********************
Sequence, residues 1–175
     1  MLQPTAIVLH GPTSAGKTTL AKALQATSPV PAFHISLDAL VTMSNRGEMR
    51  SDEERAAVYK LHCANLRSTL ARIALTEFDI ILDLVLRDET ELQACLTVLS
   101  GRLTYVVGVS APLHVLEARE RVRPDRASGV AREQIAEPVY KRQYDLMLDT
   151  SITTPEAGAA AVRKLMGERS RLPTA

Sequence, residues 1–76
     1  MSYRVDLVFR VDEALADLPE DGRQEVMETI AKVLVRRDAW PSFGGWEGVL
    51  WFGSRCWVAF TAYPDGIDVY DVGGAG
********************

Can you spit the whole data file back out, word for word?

Sequence, residues 1–175
     1  MLQPTAIVLH GPTSAGKTTL AKALQATSPV PAFHISLDAL VTMSNRGEMR
    51  SDEERAAVYK LHCANLRSTL ARIALTEFDI ILDLVLRDET ELQACLTVLS
   101  GRLTYVVGVS APLHVLEARE RVRPDRASGV AREQIAEPVY KRQYDLMLDT
   151  SITTPEAGAA AVRKLMGERS RLPTA

Sequence, residues 1–76
     1  MSYRVDLVFR VDEALADLPE DGRQEVMETI AKVLVRRDAW PSFGGWEGVL
    51  WFGSRCWVAF TAYPDGIDVY DVGGAG